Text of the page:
Coinbase CEO Brian Armstrong has responded to the lawsuit filed by the U.S. Securities and Exchange Commission (SEC) against his cryptocurrency exchange. The securities regulator charged Coinbase with “operating its crypto asset trading platform as an unregistered national securities exchange, broker, and clearing agency,” as well as selling unregistered securities “in connection with its staking-as-a-service program.”
Coinbase CEO Brian Armstrong Addresses SEC Charges
The chief executive of the Nasdaq-listed cryptocurrency exchange Coinbase, Brian Armstrong, took to Twitter Tuesday to address the lawsuit filed against his exchange by the U.S. Securities and Exchange Commission (SEC).
The securities regulator charged Coinbase with “operating its crypto asset trading platform as an unregistered national securities exchange, broker, and clearing agency,” as well as selling unregistered securities “in connection with its staking-as-a-service program.”
Armstrong tweeted: “Regarding the SEC complaint against us today, we’re proud to represent the industry in court to finally get some clarity around crypto rules.” The Coinbase executive proceeded to outline a number of factors affecting his exchange’s alleged securities law violations. He detailed:
There is no path to ‘come in and register’ — we tried, repeatedly — so we don’t list securities. We reject the vast majority of assets we review.
Coinbase similarly stated in March, after it received a Wells notice from the SEC, that it tried to register with the regulator but the securities watchdog “will not let crypto companies ‘come in and register.’”
Furthermore, Armstrong pointed out in his Tuesday tweet that the SEC and the Commodity Futures Trading Commission (CFTC) “have made conflicting statements, and don’t even agree on what is a security and what is a commodity.” One of the key topics that the two regulatory agencies disagree on is the classification of ether (ETH). While SEC Chair Gary Gensler claims that all crypto tokens, other than bitcoin (BTC), are securities, the chairman of the CFTC, Rostin Behnam, has insisted that the second-largest cryptocurrency is a commodity.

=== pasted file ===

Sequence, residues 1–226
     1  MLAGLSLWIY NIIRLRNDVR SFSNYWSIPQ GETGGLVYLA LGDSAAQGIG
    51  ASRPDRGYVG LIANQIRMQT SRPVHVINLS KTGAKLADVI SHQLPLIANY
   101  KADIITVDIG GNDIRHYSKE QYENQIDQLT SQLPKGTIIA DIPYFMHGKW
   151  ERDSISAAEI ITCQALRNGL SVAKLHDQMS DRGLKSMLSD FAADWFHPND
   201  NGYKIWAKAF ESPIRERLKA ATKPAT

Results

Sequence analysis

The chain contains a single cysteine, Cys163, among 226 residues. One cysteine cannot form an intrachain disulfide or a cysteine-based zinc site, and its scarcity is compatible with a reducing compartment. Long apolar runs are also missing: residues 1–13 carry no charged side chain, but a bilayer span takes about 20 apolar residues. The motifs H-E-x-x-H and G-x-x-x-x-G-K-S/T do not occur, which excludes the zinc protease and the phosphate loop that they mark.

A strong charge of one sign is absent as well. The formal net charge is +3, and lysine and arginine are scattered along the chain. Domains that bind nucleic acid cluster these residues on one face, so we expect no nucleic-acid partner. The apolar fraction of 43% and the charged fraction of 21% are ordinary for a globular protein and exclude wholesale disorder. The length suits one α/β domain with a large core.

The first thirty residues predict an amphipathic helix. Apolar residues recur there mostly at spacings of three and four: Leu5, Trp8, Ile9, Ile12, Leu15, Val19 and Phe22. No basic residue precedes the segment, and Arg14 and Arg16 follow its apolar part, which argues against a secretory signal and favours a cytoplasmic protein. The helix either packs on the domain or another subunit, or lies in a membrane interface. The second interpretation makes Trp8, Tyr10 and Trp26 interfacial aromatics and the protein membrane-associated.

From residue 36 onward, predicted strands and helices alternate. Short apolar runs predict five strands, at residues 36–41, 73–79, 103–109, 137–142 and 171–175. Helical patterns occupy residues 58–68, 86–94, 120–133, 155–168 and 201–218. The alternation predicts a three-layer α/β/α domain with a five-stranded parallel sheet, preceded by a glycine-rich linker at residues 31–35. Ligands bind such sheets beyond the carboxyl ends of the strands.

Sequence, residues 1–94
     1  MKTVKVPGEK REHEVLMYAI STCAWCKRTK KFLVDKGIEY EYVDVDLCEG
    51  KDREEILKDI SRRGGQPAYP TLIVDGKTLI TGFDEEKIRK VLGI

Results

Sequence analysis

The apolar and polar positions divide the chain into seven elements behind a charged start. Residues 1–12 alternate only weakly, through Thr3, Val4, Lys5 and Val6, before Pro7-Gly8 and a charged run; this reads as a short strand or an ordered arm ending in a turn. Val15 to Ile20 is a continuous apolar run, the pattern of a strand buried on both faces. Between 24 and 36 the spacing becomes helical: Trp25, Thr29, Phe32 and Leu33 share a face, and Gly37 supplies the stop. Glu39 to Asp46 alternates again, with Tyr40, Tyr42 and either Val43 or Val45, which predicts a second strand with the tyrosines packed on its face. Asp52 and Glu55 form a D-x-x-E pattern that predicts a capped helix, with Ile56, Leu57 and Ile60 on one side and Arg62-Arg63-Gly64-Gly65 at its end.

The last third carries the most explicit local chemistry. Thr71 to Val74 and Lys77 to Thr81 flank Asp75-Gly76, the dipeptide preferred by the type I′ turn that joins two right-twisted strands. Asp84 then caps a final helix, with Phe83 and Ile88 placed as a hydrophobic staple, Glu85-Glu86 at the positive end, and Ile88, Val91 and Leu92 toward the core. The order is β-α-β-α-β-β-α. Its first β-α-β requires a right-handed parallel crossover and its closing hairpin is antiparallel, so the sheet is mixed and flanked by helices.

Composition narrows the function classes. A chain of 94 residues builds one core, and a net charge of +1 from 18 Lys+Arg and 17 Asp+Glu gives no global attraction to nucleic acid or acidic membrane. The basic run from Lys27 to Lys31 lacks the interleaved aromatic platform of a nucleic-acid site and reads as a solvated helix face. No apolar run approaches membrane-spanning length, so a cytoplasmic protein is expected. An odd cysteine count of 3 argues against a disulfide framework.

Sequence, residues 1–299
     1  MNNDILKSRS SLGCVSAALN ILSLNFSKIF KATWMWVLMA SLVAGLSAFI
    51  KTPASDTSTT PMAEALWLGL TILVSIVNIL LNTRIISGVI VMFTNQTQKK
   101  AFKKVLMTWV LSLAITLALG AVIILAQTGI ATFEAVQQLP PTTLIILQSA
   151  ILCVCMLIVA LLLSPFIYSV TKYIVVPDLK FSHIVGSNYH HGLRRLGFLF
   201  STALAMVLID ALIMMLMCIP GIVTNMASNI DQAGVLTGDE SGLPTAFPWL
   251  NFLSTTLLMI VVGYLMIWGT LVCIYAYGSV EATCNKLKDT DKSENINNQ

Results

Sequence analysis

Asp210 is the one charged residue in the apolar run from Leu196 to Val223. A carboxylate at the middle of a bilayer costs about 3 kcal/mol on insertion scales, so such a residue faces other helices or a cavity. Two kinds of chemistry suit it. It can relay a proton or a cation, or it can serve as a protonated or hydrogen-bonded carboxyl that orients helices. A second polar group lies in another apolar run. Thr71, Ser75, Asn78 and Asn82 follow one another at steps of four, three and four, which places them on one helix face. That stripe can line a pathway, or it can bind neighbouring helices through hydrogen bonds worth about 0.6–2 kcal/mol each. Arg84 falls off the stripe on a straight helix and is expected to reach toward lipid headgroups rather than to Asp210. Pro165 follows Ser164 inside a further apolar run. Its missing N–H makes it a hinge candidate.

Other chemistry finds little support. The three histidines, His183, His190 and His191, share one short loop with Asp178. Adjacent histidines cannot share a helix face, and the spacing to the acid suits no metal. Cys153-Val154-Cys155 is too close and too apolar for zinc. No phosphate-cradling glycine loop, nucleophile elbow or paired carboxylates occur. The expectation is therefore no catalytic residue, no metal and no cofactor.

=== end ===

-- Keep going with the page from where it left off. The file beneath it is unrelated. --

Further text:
Emphasizing the lack of regulatory clarity in the crypto space, the Coinbase boss stressed:
This is why the U.S. Congress is introducing new legislation to fix the situation, and the rest of the world is moving to put clear rules in place to support this technology.
“Instead of publishing a clear rule book, the SEC has taken a regulation by enforcement approach that is harming America. So if we need to avail ourselves of the courts to get clarity, so be it,” the Coinbase CEO added.
Armstrong also noted: “The SEC reviewed our business and allowed us to become a public company in 2021.” However, multiple people have pointed out on Twitter that the lawsuit clearly states that “Declaring effective a Form S-1 registration statement does not constitute an SEC or staff opinion on, or endorsement of, the legality of an issuer’s underlying business.”
After the securities watchdog announced its action against Coinbase, many people took to social media to slam the SEC for regulating the crypto industry by enforcement. Senator Bill Hagerty (R-TN) wrote: “The SEC is weaponizing their role to kill an industry. Allowing a company to list publicly and then stonewalling their attempts to register is indefensible.” Senator Cynthia Lummis (R-WY) opined: “The SEC has failed to provide a path for digital asset exchanges to register, and even worse has failed to provide adequate legal guidance on what differentiates a security from a commodity.”
One day prior to charging Coinbase, the SEC filed 13 charges against Binance and its CEO, Changpeng Zhao (CZ). In addition, the regulator filed an emergency action application, requesting a temporary restraining order to freeze the assets of Binance US customers.
What do you think about Coinbase CEO Brian Armstrong’s statements regarding the SEC lawsuit? Let us know in the comments section below.